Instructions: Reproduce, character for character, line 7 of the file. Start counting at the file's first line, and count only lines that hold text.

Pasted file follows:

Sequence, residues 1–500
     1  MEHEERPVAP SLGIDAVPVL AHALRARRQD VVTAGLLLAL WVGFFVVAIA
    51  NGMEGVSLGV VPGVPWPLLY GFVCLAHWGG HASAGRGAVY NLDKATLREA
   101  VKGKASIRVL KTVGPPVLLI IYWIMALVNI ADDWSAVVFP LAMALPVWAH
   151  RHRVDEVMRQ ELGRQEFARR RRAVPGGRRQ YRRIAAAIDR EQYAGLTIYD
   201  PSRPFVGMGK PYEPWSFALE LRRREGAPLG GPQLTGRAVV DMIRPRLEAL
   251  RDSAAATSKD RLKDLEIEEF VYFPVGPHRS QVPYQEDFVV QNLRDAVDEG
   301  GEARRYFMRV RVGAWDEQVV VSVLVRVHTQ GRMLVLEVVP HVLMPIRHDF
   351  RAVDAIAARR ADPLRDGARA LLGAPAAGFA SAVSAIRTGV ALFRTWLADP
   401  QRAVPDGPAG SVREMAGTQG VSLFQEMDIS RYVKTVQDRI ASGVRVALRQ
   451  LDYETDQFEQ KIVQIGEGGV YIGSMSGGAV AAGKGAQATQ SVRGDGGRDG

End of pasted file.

   251  RDSAAATSKD RLKDLEIEEF VYFPVGPHRS QVPYQEDFVV QNLRDAVDEG